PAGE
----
Afghanistan: lessons from a decade of cooperation with the Ministry of Education
An evidence-based IIEP publication
IIEP has just published a new book, On the Road to Resilience: Capacity Development with the Ministry of Education in Afghanistan, documenting lessons learned in building education planning capacity during the past ten years.
Education in Afghanistan has made remarkable gains over the last decade, in spite of the ongoing conflict and the frequent attacks on students, teachers and schools. In 2001, just 1 million primary school age children were enrolled, with girls accounting for a tiny fraction. By 2008, 6 million children were in school, including 2.3 million girls. The number of classrooms in the country has tripled and teacher recruitment has increased. Yet, 42% of schoolchildren are still out of school and the quality of the education is still a major concern. Quality, relevant education will be indispensable to building a future peace in the country (Source: 2011 EFA Global Monitoring Report). This will require massive sustained investments in developing the capacity of Afghanistan’s education system, as documented in the 2011 EFA Global Monitoring Report, released on 1 March 2011.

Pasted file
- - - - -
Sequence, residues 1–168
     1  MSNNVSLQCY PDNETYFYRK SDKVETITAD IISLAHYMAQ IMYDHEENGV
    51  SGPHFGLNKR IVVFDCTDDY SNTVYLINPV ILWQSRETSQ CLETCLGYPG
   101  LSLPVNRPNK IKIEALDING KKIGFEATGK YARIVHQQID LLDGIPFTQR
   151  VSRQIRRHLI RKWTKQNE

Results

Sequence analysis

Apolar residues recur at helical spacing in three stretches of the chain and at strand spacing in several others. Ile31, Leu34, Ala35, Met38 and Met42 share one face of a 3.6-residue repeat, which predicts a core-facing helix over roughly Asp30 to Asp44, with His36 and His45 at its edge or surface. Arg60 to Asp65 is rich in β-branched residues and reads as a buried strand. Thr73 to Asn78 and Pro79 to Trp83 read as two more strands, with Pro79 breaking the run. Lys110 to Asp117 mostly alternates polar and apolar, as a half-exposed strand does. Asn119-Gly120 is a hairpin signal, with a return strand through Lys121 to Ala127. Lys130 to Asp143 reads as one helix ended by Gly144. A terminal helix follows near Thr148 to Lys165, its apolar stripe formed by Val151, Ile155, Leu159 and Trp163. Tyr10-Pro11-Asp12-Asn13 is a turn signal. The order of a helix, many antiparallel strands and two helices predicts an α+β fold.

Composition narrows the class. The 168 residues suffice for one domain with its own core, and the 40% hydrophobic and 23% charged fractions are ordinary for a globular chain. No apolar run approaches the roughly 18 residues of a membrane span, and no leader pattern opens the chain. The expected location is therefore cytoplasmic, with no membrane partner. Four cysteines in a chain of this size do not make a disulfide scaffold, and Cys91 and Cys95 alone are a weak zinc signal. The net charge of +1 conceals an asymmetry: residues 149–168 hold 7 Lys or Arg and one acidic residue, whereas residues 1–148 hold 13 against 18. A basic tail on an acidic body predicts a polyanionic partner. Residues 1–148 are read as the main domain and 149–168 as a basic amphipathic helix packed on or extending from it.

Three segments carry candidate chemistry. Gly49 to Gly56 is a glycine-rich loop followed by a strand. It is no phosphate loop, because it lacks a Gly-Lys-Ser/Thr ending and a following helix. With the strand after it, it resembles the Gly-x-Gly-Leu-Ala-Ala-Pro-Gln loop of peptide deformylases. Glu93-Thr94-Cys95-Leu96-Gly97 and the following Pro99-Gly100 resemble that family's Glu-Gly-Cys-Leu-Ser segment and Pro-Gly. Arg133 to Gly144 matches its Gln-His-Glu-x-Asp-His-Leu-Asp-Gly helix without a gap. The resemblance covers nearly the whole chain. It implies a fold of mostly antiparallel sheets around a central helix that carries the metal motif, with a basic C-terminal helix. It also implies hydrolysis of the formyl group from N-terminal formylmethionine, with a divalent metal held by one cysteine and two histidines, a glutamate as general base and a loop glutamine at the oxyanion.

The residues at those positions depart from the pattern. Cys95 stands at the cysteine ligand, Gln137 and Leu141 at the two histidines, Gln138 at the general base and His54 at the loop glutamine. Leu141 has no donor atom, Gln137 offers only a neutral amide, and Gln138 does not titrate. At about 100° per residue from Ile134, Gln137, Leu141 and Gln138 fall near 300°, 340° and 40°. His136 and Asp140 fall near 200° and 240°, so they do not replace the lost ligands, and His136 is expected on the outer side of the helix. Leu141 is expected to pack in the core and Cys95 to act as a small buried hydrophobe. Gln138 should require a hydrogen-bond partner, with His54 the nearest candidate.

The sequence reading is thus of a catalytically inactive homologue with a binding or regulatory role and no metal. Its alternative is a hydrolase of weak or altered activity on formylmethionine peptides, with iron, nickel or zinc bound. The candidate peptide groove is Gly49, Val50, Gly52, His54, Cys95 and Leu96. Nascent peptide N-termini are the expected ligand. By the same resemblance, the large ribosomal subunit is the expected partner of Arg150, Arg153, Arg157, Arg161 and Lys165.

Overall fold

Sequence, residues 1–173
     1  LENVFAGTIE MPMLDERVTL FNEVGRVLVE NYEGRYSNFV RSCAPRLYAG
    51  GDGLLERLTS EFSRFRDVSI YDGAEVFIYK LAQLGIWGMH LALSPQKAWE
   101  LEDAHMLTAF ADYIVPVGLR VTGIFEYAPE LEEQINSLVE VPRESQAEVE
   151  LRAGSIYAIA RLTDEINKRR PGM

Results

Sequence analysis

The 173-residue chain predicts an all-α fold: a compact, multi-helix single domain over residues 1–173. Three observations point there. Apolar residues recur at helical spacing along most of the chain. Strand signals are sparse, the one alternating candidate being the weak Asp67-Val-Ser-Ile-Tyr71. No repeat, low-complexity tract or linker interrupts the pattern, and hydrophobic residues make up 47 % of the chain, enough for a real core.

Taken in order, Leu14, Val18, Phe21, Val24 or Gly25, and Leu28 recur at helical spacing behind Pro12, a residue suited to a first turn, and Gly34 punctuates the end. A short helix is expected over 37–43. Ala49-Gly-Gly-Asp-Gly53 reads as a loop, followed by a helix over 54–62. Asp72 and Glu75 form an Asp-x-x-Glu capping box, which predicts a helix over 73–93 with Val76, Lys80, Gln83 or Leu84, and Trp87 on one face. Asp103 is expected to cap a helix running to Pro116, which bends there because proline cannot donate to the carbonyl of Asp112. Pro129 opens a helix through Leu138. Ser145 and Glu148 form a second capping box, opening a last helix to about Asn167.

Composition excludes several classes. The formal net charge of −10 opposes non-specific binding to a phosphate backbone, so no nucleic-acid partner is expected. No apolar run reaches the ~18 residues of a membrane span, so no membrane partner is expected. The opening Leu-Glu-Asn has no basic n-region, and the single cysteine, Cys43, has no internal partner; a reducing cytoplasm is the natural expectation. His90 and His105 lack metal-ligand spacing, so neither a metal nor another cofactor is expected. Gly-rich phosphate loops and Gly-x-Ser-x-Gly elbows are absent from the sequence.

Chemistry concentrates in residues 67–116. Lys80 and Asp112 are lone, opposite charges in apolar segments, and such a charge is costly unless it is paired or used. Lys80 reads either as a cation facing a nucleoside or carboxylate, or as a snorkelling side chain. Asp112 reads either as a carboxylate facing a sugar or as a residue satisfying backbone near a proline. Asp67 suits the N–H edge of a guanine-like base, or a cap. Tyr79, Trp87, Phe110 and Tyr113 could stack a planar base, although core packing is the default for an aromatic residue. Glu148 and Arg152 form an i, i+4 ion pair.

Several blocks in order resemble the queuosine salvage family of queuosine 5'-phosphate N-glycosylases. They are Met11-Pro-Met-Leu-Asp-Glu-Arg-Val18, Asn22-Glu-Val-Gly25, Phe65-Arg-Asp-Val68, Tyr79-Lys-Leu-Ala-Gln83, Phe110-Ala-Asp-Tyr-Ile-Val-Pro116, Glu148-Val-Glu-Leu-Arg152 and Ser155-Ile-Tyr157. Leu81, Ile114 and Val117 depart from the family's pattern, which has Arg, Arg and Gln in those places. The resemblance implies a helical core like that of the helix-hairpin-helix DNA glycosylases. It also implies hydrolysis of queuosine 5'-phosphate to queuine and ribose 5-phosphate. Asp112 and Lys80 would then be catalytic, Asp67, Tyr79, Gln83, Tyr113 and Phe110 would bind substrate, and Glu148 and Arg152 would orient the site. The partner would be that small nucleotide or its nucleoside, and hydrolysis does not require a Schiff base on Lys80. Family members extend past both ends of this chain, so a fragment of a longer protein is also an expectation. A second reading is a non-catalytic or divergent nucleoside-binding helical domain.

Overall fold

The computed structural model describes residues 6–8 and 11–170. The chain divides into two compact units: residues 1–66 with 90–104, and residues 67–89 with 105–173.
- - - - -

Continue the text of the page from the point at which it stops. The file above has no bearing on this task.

When IIEP began its cooperation with Afghanistan in 2002, the Ministry of Education faced dire capacity issues. In addition to building schools or training teachers, educational planning has been central to the reconstruction of Afghanistan’s education sector, including: the development of two education plans in national languages, the collection of educational data through Afghanistan’s first school survey, the setting up of an information system, school mapping, teacher registration, and organizational reform of the Ministry.
Supported by funding from the Netherlands Ministry of Foreign Affairs, IIEP’s new book investigates this process and the numerous challenges that war-torn Afghanistan faces in rebuilding its education sector. The book features case studies of capacity development partnerships between Afghanistan’s Ministry of Education and a number of education partners, including IIEP and UNESCO’s Kabul Office.
On 10 March 2011, the book is presented at the Netherlands Ministry of Foreign Affairs in The Hague, Netherlands.